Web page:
Back in the old days, the really old days, there were publishers who staffed a person called an editor. This person was unique because not only did she look for stellar manuscripts, but also hunted for promising talent that, with some guidance, could produce great stories. The editor would teach, nurture, challenge, and stretch the new writer until the author produced a much better story.
Gone are those days. Editors are too busy to develop writers like in the past. Instead, they are feeling the pressure to launch books into the marketplace. They either don’t publish the authors who are almost there or they don’t nurture the writer to the level they use to and books get being published that are not at their best.
So does this mean the day of apprenticeship is gone, never to be seen again? Is the writer left to wander around without help? Of course not. Modern day apprenticeship just looks different, but doesn’t every aspect of publishing?
Never fear, there are many options for a new writer to receive an apprenticeship.
- Take online writing classes from places like Savvy Authors. Online courses are a great, convenient way to learn more about the business and craft of writing. It has the advantageous of being able to take it on your own time. Classes also help the writer zero in a specific area of writing/marketing to help beef up skills.
The drawback to taking formal classes is the syllabus is set to what the teacher has planned (which can be great). There is little room for customization to the student’s unique needs. Plus, the writer is completely in charge of her education as a writer. She picks which classes she is taking and which ones she isn’t. If the student does nothing else but online classes, she will have blind spots to areas she needs to improve. Having a teacher looking at the overall development is extremely helpful just like a weight trainer is to a person trying to become fit.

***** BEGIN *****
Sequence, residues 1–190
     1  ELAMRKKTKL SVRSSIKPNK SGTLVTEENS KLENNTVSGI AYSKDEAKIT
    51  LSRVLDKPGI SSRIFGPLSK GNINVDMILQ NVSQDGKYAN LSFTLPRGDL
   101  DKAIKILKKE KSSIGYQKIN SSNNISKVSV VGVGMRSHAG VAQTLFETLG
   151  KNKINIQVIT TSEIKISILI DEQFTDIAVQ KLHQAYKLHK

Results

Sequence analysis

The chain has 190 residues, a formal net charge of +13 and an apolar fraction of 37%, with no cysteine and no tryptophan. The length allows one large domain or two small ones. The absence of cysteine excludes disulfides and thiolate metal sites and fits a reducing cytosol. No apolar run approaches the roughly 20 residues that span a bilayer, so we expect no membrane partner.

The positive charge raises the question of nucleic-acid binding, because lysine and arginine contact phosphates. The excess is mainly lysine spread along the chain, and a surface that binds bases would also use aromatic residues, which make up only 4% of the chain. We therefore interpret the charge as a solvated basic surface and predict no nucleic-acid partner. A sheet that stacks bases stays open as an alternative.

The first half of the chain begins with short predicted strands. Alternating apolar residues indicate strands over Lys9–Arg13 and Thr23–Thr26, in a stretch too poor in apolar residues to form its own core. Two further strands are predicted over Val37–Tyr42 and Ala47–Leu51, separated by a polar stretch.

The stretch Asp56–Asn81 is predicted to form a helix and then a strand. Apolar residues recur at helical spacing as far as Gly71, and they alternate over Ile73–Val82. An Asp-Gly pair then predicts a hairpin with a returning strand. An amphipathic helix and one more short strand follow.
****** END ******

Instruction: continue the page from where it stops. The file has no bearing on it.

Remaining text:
- Take offline classes. Local writing classes are a great way to learn the basics and to be with other students who are in the similar stage of writing. Meeting at the physical location also makes it possible to develop relationships with other writers and perhaps gain local support.
Drawbacks: Sometimes the writing classes are too advanced or too basic for the student. It can be challenging to find the classes that are at the right level.
- Earn your MFA. Some writers voice this is the only way to enhance one’s writing. Others say that it hurts the writer and their skills. It is an option and does expose the student to how creative writing is viewed in the academic world. There are many more variety of MFA programs. Some universities are offering certificate programs in creative writing/fiction, which are less expensive, and most can be completed online.
Drawbacks: The biggest setback is the two or three years it takes to earn the degree. In addition, the expense of gaining an MFA might be beyond the financial ability of many writers. Plus, the school will require the writer to do a lot of other work besides creating writing like writing critical papers and assigned reading.
- This is a great way of bettering a writer’s skills and gain the experience of structuring a story.
Drawbacks: By writing outside of feedback, improving one’s skills will be slower. The writer won’t stretch as much as she would be under supportive guidance.